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# Mooterey, Clitonji.

by

## Albert Bernard Lemanski

Lieutenant, Unitecr States Navy
University of Illinois, 1958
B.S.
,

## Submitted in partial fulfillment

for the degree of

from the

May, 1966

c.|

ABSTRACT

A method

is

Design

control systems.

is

of

## an algebraic set of simultaneous equations derived from the

design specifications.

## system damping ratio, undamped natural frequency, bandwidth,

steady state error coefficients and root sensitivity.

The method

is

shownWcfT5e

fa's|,

In

ry

SeEool

Page

Section
Introduction

2.

3.

## Application of the Algebraic Method

19

4.

Sensitivity as a Specification

P.S

5.

Conclusions

HOI

LIST

OF ILLUSTRATIONS

Page

Figure
2. 1

18

2.2

18

2.3

18

4.

Example 4

39

for

## SYMBOLS AND ABBREVIATIONS

CE

Characteristic equation

E ss

G(s)

kQ

## Acceleration error constant

Accelerometer gain

Ka

Gain

or k

or k

ICy

## Position error constant

Velocity error constant

Kt

Tachometer gain

M pw

Reasonance peak

Superscript or
subscript "o"

## Specified or numerical value

Angular frequency

(omega)

wn

Undamped

natural frequency

wb

Bandwidth

wr

tf{f

-3 db)

Polynomial in

Complex variable

Sensitivity

SP

of the form cr +

## Sensitivity of P with respect to

jw

gw n
S

jr

**

component

of root sensitivity

wn

component

of root sensitivity

(zeta)

Damping

ratio

Introduction

manner.

"

the definition.

in a prescribed

is

## the time domain by applying modern state space concepts or by

direct solution of the system differential equations.

Alternatively,

and

## Bode plots, root locus, Mitrovic's Method, etc.

Notwithstanding the achievements which have resulted
from direct application of the above procedures,

it

must be

With the

## demands the assistance

of a digital computer.

## to all people at all times nor is

employ a computer

In a sense,

for all

it

available

economically practical to

computation.

consuming, i.e.
based on

trial

variables.

and

error,

## and normally limited to one or two

In

need

view

of the

above discussion,

new procedure

design tool.

it

However,

it

is

in order for a

must be

## extend the range of problems which can be solved without

resorting to graphical techniques or the exclusive use of a

computer.

It

is

## The Algebraic Method: Concept and Development

Concept
The proposed design procedure

is

## system design specifications can be transformed into algebraic

functions of the system parameters.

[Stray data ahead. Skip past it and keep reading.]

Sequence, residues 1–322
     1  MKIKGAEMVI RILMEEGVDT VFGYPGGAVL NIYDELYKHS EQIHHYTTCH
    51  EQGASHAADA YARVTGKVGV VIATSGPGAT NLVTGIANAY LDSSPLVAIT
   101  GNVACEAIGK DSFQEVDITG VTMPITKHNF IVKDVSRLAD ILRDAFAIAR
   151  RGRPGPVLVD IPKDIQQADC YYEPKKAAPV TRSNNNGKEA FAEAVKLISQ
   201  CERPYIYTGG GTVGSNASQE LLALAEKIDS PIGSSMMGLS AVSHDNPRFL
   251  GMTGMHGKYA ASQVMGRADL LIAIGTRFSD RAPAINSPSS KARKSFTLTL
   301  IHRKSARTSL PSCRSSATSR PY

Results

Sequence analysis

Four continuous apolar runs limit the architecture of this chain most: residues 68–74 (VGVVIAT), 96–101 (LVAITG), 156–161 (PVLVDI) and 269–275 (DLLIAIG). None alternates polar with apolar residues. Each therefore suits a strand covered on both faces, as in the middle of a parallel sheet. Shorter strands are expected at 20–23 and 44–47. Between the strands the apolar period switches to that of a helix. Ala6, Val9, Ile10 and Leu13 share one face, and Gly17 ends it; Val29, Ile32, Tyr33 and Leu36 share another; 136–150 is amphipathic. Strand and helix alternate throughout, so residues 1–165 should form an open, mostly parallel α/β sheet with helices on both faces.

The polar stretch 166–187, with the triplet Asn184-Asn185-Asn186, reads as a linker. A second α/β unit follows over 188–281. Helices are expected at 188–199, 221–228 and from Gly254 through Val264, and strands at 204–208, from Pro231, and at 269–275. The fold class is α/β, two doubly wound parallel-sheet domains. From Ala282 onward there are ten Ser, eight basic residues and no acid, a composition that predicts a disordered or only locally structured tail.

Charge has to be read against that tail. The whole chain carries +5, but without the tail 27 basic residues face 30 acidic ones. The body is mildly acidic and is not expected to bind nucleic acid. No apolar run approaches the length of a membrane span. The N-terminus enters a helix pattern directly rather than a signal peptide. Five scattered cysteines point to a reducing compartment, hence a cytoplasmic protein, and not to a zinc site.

independent,

If

equations which

of solving a

is not

are:

## undamped natural frequency (w n )

state error

(E

specified.

In

darning

reasonance peak (M

## many cases, both \$ and

wn

ss ), bandwidth (w b)

and
are

## This is equivalent to specifying the location of a

complex pole pair and generally implies that these poles should
dominate the system response.

If

wn

W]-,

and E ss because

and

wr

can be at least

## approximately expressed in terms of jr and

of this section is therefore

The remainder

specifications

f or

wn

w, and E gs

wn

of a

method

is

in

two ways

The

first

Assume

obtained

## by setting the denominator of the closed loop transfer function

equal to zero, is the polynomial.

<2<

S<

(2-1)

where

s is

## a complex variable and defined as

c*(2-2)

and the a^'s represent the real coefficients which are functions
of the

system parameters.

is of

(2-3)

C~,

where

polynomial.

By expanding

10

s in

If Jr*

pole pair,

anc*
it

is

## define the location of the specified complex

permissible to set

Rz -

F *^> -

(2-4)

ft

ft*'
(2-5)

## Substituting these values of R, and R2 into the n root -coefficient

relations obtained previously gives n equations in terms of the

## remaining n-2 roots and the coefficients of equation (2-1).

algebraic manipulation,

it

is

By

Since the

## coefficients are explicit functions of the system parameters

any combination

of the parameters

Example

2.

S3

-h

qz s2 + G*S +
-

ae>

## Find the relations which must exist between the coefficients in

order to locate a pole pair withj^ = 1/2 and

of the

11

CE as

R]_,

w Q =10.
R2 and R3.

Then

and

cr,

a& =

f%,

Ra.

*>

= S~

*-

R*.

*-

Rz )

-hRs
/

- j to

/> (q z -/ q ) -

Then

/?* /? 3

az = R,
Setting

+ R^ (&

/?,>?*

/
/

3/y.

(1)

=Qo
/OORs * ^7o

/0(Q,-/0)

(2)

Equations
equation

(1)

(3)

and

(2)

## While the root-coefficient method works well with low

ordered systems (and even provides information about the

it

of higher order

because

the expense

(at

## of losing information about the remaining n-2 roots) by using

Mitrovic's Method.

With

developed

in (3)

and

(5).

system can

The method

is

is fully

given here.

previously.

in a^,

wR

and

;^rcan

be

## obtained by substituting equation (2-2) into equation (2-1) and

setting the real and imaginary portions of the resulting

12

## expressions equal to zero.

the introduction of a

new

*r-o

oj\$

ci K

cj>

(?)

(2-6)

(f)-O

=P

(2-7)

AC-O

where

with

(?)

(f) -

= - * F

Appendix

(f)

-f

4 tfJ - "I

in

a*"*

4>.

(2-8)

(y)

<W - 4<